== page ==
In the teaching of the Catholic Church, a mortal (or “deadly”) sin is a gravely sinful act, which can lead to damnation if a person does not repent of the sin before death. The term “mortal sin” is thought to be derived from the New Testament. Specifically, it has been suggested that the term comes from the fifth chapter of the Letter of St. John:16–17. In this verse, the author of that Epistle seriously states, “there is such a thing as deadly sin.” A sin is considered to be “mortal” when its quality is such that it leads to a separation of that person from God’s saving grace. An example of such a sin is the failure to attend Sunday Mass. The teaching about this seriousness can be found in the following quote from the Catechism of the Catholic Church: “The Sunday Eucharist is the foundation and confirmation of all Christian practice. For this reason, the faithful are obliged to participate in the Eucharist on days of obligation, unless excused for a serious reason…. Those who deliberately fail in this obligation commit a grave sin” CCC #2181. Yes, this is serious business. But despite its gravity, a person truly can repent of having committed a mortal sin and be forgiven in the Sacrament of Penance. Such repentance is the primary requisite for forgiveness and absolution. “Perfect” contrition is the means by which we seek to restore our relationship with God and are sorry for our sins not because of the punishment due to them (imperfect contrition), but because they truly offend a loving God. Additionally, there must also be a resolution to confess all mortal sins that have not been confessed and absolved previously in the Sacrament of Penance. A resolution to confess these sins should be made with an act of perfect contrition.
Next week, specifically on Thursday evening, March 22nd, we will have the opportunity to confess our sins and be reconciled with our Lord and His people through the communal celebration of the Sacrament of Penance (sometimes unofficially but more popularly known as the Sacrament of Reconciliation). It is the ultimate earthly experience of the gift of God’s boundless mercy. Not only does it free us from our various sins, but it also challenges us to have the same kind of compassion and forgiveness for those who sin against us. In fact, through it we actually are liberated to be forgivers. Perhaps we can best comprehend this in the words of the Prayer of St. Francis: “It is in pardoning that we are pardoned.”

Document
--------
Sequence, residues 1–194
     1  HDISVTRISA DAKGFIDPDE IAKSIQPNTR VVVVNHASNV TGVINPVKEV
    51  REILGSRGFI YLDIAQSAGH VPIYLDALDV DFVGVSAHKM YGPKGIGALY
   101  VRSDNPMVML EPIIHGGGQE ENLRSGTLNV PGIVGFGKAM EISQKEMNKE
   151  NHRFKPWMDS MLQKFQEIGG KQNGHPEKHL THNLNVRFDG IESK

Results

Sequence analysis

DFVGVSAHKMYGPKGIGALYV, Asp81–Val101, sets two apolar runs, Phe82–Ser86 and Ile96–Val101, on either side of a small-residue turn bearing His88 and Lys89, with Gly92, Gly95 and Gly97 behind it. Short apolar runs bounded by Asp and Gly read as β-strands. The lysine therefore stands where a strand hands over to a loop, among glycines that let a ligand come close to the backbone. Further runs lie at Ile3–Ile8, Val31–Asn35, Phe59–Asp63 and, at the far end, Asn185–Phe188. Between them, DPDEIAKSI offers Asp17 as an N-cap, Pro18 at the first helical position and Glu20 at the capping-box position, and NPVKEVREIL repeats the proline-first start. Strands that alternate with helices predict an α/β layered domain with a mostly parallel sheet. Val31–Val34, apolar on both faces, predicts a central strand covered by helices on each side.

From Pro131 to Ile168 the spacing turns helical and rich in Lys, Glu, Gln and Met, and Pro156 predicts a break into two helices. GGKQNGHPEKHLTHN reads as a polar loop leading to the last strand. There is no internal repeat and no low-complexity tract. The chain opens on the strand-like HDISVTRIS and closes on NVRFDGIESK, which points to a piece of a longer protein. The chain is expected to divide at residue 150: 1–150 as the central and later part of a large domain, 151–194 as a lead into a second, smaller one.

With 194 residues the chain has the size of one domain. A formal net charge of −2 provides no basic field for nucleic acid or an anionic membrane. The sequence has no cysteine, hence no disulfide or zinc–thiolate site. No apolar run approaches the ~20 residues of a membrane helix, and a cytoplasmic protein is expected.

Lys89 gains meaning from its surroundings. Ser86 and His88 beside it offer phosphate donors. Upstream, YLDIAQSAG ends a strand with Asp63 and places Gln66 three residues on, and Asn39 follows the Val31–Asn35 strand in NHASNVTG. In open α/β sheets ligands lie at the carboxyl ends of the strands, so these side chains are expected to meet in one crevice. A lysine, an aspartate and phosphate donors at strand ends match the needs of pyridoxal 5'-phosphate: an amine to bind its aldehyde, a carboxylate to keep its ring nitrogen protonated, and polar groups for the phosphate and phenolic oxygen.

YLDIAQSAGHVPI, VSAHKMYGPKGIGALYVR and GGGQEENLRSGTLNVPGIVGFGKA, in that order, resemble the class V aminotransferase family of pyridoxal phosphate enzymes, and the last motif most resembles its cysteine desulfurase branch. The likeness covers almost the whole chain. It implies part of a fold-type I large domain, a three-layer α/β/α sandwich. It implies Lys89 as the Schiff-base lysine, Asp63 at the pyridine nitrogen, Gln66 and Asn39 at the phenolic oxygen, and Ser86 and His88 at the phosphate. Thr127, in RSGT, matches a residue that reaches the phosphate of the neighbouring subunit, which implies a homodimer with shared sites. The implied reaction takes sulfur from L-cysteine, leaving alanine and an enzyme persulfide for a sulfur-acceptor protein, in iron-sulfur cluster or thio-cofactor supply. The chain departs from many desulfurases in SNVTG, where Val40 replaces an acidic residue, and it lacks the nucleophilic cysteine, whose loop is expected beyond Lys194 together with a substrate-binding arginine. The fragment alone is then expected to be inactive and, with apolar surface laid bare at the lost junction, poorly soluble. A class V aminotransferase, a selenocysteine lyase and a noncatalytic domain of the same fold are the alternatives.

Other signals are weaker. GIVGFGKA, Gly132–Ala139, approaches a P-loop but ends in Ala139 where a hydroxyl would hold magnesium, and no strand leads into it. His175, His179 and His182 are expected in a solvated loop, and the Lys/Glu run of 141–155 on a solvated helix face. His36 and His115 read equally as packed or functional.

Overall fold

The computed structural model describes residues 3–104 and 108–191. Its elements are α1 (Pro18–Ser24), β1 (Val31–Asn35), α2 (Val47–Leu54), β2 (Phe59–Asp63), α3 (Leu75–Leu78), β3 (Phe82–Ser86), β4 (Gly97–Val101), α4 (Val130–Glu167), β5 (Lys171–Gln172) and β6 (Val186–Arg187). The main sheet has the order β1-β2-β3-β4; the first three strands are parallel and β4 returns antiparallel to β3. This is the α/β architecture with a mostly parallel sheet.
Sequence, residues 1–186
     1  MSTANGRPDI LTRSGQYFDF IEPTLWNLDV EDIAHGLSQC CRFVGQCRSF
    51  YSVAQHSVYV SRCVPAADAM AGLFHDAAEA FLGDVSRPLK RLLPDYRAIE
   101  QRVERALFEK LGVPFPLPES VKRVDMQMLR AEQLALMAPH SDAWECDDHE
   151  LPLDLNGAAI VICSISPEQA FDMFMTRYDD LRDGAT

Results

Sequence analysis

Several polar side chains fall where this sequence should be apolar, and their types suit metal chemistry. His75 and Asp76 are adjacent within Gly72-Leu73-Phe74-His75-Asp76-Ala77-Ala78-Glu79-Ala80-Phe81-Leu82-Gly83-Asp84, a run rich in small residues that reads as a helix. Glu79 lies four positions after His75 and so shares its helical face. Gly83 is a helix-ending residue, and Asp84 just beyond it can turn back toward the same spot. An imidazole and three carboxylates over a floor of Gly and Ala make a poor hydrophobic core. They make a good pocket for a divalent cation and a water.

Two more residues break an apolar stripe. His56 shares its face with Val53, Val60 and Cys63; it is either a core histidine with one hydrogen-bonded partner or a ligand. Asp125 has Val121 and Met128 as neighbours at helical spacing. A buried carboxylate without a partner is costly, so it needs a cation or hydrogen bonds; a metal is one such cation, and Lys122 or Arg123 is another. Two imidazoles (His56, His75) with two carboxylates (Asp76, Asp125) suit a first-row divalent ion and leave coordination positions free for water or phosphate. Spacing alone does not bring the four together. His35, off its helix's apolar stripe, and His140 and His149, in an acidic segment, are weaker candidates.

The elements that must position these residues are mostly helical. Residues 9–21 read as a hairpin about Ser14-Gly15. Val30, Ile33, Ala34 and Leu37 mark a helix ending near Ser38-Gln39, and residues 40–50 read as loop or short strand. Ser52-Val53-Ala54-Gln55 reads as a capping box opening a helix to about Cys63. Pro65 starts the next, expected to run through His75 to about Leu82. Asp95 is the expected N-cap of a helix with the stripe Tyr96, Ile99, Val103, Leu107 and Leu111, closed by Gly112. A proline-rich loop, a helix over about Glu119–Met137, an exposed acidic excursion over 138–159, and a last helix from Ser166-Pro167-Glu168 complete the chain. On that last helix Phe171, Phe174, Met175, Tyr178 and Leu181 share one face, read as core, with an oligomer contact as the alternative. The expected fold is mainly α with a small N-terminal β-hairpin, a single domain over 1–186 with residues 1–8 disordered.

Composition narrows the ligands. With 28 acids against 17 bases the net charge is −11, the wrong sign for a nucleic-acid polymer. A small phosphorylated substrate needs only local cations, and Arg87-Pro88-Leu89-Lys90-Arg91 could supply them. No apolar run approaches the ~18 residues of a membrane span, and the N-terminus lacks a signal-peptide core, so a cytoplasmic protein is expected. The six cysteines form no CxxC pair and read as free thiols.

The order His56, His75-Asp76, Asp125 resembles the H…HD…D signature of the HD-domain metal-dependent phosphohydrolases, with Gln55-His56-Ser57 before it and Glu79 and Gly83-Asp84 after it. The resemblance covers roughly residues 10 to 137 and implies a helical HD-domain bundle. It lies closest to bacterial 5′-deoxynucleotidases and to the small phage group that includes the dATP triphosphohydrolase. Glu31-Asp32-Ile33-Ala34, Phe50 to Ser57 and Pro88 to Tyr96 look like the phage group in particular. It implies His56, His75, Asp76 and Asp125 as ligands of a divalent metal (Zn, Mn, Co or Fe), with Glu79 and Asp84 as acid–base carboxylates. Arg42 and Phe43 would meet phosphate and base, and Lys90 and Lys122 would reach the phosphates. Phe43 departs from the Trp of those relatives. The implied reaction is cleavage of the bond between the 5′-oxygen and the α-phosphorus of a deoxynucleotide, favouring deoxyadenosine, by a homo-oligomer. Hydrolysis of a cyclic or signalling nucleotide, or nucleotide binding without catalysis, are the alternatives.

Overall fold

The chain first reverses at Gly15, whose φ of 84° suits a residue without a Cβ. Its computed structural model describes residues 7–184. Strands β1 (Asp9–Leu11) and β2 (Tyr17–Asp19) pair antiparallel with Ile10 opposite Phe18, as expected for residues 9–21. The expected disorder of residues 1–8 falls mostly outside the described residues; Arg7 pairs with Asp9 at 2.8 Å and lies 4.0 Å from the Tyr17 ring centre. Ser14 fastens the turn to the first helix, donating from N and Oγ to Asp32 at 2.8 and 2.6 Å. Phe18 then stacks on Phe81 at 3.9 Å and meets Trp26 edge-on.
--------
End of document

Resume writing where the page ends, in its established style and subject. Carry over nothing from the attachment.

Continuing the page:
Jesus entrusted the ministry of reconciliation to His Church, and it is through the wondrous Sacrament of Penance, God’s unique gift to us, that any sin committed after Baptism can be forgiven. In the very act of confession, we have the opportunity to repent and recover the grace of friendship with God. It is a holy moment in which we place ourselves in His presence and honestly acknowledge our sins, especially mortal sins. With the absolution given us by the priest, we are reconciled to God and His Church. This Sacrament helps us stay close to the truth that we cannot live without God. “In Him we live and move and have our being” (Acts 17:28). While all the Sacraments in some way bring us an experience of the mercy that comes from Christ’s dying and rising, it is the Sacrament of Penance and Reconciliation that is the particular bestowal of God’s loving mercy.
There will be a number of priests who will join us at the 7 PM service to take away our sins and lift us up from the weight of our misdeeds. I invite you to come, especially as a family, to this Penance Service, and to partake of the timely Lenten opportunity to unburden your hearts and make yourselves ready to be immersed in the joys of the true meaning of Easter.
This Sunday afternoon, come and enjoy a delightful musical performance at 3 p.m., put on for the benefit of our parishioners and friends by Eric Keiper, our gifted and well-respected Music teacher in our school and our parish Director of Liturgical Music. Eric was the person responsible for putting together last Advent’s inspiring musical presentation, “Amahl and the Night Visitors” in our church – a performance that was well-acclaimed by those who attended it. I’m sure this Sunday’s program will be a “top-notch” one, too, and I hope that you take time to get away from the “tube” to enjoy it.
This weekend, we are happy to have Steve Dudenhoefer from our parish mission in Guatemala speak to us at each of the Masses about the situation there at the Father Tom Moran School. He will give us a progress report on the growth and development of the students’ programs and will tell us of their needs in the jungle. Then, next weekend, (Palm Sunday), we will take up our annual collection to help the children who board at the school there to have food in their stomachs each day. As we help the children get an education in the jungle, the more likelihood that they will not need to scamper to our southern border in order to provide a living for their families and community.
Congratulations to the recently confirmed-in-the-Faith students from our parish who were called this past Friday to give further witness to the Faith in which they were baptized! May they not see their Confirmation ceremony as a conclusion to their learning and practicing of the Catholic Faith, but rather as an opportunity to deepen their baptismal commitment and living their gifts more fully in service to Christ and His people.